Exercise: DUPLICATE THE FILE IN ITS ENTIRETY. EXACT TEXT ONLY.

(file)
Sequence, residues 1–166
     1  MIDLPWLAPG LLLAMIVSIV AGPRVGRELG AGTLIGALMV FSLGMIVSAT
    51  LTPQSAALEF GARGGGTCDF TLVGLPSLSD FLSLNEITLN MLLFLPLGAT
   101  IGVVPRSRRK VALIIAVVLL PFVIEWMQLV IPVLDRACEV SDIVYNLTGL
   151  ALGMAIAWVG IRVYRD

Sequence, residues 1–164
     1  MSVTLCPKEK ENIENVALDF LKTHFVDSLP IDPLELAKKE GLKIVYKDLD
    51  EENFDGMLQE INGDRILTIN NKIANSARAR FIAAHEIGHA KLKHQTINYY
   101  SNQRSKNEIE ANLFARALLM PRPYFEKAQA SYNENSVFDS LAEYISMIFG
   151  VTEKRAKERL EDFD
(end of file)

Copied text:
Sequence, residues 1–166
     1  MIDLPWLAPG LLLAMIVSIV AGPRVGRELG AGTLIGALMV FSLGMIVSAT
    51  LTPQSAALEF GARGGGTCDF TLVGLPSLSD FLSLNEITLN MLLFLPLGAT
   101  IGVVPRSRRK VALIIAVVLL PFVIEWMQLV IPVLDRACEV SDIVYNLTGL
   151  ALGMAIAWVG IRVYRD

Sequence, residues 1–164
     1  MSVTLCPKEK ENIENVALDF LKTHFVDSLP IDPLELAKKE GLKIVYKDLD
    51  EENFDGMLQE INGDRILTIN NKIANSARAR FIAAHEIGHA KLKHQTINYY
   101  SNQRSKNEIE ANLFARALLM PRPYFEKAQA SYNENSVFDS LAEYISMIFG
   151  VTEKRAKERL EDFD